### Towers of Hanoi

ny discussion of beauty in programming must necessarily begin with **recursion **in general, and the **Towers of Hanoi** in particular. This will be review for anyone who’s studied computer science, but that’s okay since I won’t have many readers at this point anyway.

The Towers of Hanoi is a puzzle of simple construction but fascinating complexity. It consists of three pegs. To start with, on one of the pegs is a number of disks, stacked from largest to smallest. The object is to move the stack of disks to one of the other pegs, with the restrictions that you can only move one disk at a time, and a disk may never be placed on a disk that’s smaller than it.

There’s a beautiful computer algorithm to solve it, and that I want to talk about. But the Towers of Hanoi was a toy long before there were computers. So first, have a play at solving it by yourself. Increase the number of disks if you find it too easy to start with. Most people, when they first start playing with it, end up moving disks pretty much randomly at the start. After a point you may find yourself making small goals, like “Okay, I need to get these smallest three disks over to this peg, so I can move the next biggest disk…” Eventually you realize that, if you’re starting with, say, six disks, you’re going to have to move five of them out of the way (onto the extra peg), then move the sixth and largest disk to the target peg, then move the first five on top of it.

So let’s look at the actual program that solves it. The number of disks has been made a parameter so we can eventually solve it for any number of disks. I’ll add comments to make it exceedingly clear what’s going on.

private static void hanoi( int numberOfPegs, String fromPeg,

String targetPeg, String otherPeg )

{

// First, move all but the largest disk to the extra peg.

if (numberOfPegs > 1)

{

hanoi( /* move */ numberOfPegs-1, /* pegs */

/* from the */ fromPeg,

/* to the */ otherPeg,

/* via the */ targetPeg);

}

// Next, move the largest disk to the target page. We'll just print

// out the move we're making.

System.out.println("Move a disk from " + fromPeg + " to " + targetPeg);

// Lastly, move the disks that we moved out of the way on top of

// the largest disk.

if (numberOfPegs > 1)

{

hanoi( /* move */ numberOfPegs-1, /* pegs */

/* from the */ otherPeg,

/* to the */ targetPeg,

/* via the */ fromPeg);

}

}

We’ve had to add the extra peg as the last parameter, just to keep track of it. But notice how similar it is to the original plan, of moving all but the largest disk out of the way, then moving the largest disk, then moving all the remaining disks on top of it. But as an algorithm it looks like it only sketches the broad plan. It just doesn’t look complex enough to solve that first step — moving all but the largest disk out of the way — not to mention he third step, which is just as complex. But miraculously, it works! Try running the code yourself. **How could it possibly do all those intermediate steps?**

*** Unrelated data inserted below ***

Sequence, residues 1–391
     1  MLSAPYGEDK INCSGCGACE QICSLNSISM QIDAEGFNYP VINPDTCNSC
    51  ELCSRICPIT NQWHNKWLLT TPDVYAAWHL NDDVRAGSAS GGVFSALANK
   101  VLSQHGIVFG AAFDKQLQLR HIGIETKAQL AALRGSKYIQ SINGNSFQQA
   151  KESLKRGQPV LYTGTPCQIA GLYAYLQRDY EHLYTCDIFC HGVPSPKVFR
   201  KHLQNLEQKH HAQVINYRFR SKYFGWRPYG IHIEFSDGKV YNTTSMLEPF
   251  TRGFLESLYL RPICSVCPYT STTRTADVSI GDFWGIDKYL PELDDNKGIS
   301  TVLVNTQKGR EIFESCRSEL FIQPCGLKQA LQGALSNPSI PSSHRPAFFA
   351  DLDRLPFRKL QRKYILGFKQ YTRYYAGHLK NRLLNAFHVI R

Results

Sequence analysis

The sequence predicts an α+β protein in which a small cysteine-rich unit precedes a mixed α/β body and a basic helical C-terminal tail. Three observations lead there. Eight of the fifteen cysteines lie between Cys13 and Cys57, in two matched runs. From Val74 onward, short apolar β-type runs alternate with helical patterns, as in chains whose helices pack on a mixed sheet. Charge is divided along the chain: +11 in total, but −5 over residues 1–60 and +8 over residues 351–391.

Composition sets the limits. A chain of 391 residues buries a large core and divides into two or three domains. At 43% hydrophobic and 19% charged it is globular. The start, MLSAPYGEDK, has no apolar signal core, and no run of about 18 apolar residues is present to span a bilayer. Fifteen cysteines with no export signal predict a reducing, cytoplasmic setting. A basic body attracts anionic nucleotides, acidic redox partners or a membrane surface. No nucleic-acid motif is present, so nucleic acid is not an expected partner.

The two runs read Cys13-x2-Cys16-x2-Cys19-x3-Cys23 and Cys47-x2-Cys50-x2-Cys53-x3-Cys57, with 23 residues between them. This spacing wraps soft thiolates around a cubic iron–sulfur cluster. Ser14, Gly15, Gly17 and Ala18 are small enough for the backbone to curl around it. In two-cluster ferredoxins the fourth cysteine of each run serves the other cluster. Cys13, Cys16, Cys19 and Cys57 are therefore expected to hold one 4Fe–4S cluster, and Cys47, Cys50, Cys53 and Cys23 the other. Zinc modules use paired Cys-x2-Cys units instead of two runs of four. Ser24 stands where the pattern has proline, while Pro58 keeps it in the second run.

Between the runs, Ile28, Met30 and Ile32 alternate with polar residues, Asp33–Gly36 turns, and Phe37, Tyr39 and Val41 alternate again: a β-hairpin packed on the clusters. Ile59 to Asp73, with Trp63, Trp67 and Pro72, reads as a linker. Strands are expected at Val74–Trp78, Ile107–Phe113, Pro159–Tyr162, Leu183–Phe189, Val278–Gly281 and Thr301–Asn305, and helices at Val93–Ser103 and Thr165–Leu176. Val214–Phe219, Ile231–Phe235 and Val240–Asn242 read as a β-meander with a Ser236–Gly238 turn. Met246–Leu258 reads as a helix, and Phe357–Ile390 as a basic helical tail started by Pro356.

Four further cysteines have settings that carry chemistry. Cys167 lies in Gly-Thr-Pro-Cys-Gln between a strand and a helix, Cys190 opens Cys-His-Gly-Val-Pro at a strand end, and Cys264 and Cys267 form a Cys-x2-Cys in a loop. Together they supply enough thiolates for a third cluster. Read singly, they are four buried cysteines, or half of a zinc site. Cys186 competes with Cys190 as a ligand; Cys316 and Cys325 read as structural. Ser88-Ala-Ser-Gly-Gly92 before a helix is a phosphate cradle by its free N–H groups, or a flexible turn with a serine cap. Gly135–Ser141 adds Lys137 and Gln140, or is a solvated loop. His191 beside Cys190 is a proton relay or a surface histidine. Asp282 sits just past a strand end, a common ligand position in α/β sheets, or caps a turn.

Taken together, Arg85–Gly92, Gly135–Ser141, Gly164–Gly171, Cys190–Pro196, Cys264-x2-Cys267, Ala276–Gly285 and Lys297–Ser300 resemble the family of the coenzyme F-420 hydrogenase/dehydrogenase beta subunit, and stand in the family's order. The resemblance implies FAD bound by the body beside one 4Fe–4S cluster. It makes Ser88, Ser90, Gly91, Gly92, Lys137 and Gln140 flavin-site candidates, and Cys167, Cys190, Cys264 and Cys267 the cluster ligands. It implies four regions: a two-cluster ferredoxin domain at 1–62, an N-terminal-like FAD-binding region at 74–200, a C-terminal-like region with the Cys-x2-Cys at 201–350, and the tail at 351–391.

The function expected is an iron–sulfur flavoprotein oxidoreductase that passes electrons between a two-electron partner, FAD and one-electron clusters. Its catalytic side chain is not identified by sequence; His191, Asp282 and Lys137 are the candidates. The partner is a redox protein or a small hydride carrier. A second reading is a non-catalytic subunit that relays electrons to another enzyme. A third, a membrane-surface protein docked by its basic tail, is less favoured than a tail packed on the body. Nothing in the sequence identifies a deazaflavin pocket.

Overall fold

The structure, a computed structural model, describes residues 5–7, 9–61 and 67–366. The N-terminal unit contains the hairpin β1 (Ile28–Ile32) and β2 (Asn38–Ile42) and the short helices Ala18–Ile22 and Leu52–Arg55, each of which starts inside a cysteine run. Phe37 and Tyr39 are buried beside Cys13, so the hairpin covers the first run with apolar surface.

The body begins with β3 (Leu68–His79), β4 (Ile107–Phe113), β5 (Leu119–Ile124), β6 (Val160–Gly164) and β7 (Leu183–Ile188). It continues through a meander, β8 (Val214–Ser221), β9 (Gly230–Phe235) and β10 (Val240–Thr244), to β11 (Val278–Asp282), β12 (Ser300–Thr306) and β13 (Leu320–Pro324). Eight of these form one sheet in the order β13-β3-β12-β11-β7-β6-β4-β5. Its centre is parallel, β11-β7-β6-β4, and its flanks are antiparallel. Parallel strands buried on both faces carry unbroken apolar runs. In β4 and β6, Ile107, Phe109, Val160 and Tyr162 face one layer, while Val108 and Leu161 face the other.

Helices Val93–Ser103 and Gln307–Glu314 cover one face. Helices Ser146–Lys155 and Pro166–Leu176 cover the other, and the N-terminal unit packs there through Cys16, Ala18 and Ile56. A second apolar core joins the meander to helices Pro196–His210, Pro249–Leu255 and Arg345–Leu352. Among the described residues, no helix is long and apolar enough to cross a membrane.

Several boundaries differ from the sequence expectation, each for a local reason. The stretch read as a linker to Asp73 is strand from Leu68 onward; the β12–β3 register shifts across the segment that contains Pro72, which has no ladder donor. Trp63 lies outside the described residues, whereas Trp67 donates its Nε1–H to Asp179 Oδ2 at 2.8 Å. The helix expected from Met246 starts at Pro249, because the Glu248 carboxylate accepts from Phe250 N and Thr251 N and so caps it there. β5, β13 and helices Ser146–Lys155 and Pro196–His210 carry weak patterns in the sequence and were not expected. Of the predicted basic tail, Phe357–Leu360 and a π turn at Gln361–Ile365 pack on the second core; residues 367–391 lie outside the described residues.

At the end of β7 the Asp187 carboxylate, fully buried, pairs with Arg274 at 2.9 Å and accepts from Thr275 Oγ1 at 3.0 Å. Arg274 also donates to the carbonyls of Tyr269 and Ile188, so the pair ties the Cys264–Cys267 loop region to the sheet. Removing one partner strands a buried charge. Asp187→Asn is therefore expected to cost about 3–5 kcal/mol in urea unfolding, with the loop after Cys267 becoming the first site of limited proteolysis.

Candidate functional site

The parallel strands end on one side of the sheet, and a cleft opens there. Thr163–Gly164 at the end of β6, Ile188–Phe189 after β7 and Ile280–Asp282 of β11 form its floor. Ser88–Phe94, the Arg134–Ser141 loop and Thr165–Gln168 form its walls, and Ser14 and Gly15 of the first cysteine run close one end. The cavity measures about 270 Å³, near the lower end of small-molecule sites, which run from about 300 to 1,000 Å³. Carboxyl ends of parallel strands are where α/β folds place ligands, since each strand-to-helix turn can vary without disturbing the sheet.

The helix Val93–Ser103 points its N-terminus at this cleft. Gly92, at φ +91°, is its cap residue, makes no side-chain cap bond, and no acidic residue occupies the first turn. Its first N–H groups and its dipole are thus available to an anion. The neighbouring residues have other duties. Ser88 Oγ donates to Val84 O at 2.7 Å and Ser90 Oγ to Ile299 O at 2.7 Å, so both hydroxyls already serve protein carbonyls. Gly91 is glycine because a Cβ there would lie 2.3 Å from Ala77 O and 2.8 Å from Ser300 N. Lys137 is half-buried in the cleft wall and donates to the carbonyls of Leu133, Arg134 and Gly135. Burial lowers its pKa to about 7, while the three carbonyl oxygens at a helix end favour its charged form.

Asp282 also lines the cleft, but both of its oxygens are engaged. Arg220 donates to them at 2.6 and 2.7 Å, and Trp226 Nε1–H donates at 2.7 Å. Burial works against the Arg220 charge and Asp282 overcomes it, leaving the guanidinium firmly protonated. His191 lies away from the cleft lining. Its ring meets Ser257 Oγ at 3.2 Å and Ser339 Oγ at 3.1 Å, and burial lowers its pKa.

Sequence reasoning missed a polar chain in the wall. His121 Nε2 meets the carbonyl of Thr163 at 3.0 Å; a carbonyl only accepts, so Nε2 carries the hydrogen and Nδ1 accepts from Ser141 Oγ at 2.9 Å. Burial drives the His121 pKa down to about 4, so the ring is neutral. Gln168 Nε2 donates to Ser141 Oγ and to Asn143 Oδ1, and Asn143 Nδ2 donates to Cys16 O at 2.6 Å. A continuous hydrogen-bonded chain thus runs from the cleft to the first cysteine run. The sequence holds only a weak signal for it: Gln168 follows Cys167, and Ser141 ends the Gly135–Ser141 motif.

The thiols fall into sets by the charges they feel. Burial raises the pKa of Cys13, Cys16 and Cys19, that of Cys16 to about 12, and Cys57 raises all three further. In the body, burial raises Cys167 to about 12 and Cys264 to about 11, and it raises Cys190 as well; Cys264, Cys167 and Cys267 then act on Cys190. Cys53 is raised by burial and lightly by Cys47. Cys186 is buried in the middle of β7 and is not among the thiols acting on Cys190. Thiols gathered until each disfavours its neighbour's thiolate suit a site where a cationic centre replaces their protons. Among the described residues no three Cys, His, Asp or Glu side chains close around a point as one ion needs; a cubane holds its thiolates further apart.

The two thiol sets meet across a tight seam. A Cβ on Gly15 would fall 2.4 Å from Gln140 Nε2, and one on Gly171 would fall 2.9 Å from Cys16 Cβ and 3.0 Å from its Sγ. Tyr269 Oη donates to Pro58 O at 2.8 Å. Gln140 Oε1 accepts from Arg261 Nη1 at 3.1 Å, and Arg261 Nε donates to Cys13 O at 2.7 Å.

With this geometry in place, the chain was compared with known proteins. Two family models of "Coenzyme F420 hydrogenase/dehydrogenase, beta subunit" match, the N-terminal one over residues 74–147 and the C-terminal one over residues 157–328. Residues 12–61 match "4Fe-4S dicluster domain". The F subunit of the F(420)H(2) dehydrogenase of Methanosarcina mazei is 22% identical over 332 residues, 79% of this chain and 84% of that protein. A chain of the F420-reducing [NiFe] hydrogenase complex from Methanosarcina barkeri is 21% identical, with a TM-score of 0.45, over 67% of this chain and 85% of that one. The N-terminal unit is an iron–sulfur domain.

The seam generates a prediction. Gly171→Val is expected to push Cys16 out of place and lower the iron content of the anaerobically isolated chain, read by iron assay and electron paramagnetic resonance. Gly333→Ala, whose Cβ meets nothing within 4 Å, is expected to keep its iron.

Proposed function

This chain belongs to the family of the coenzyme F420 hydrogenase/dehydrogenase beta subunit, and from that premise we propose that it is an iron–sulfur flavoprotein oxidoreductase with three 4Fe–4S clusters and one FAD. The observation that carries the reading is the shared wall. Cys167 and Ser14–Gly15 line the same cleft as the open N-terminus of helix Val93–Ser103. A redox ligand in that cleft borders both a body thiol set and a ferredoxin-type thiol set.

It turns out that the problem of how to move n-1 disks from the “from” peg to the “other” peg is just a smaller, simpler version of the problem of moving n disks from the “from” peg to the “target” peg. It’s just that we’re now using the “extra” peg as our target peg, and the target peg as the extra peg. So this method will just be solving the problem for smaller and smaller versions of the problem, until eventually it has to solve it for only a single disk. And if you trace the code for what happens when there’s a single disk (when numberOfPegs==1), you’ll see that all it will do is the print statement.

To me, the Towers of Hanoi problem is **the most beautiful algorithm there is**. And it fits the requirements for a recursive algorithm perfectly; it can be broken up into smaller problems, until it reaches an exceedingly simple case (just moving a single disk).

I wonder how long it took after the first computers were made until the Towers of Hanoi was successfully programmed. Very probably it was done in machine code, using a stack of some sort. But what was the first language that would have allowed it to be done with a nice readable recursive function? I would love to have been a fly on the wall.

There’s lots more to the Towers of Hanoi, which I will cover in a later post.

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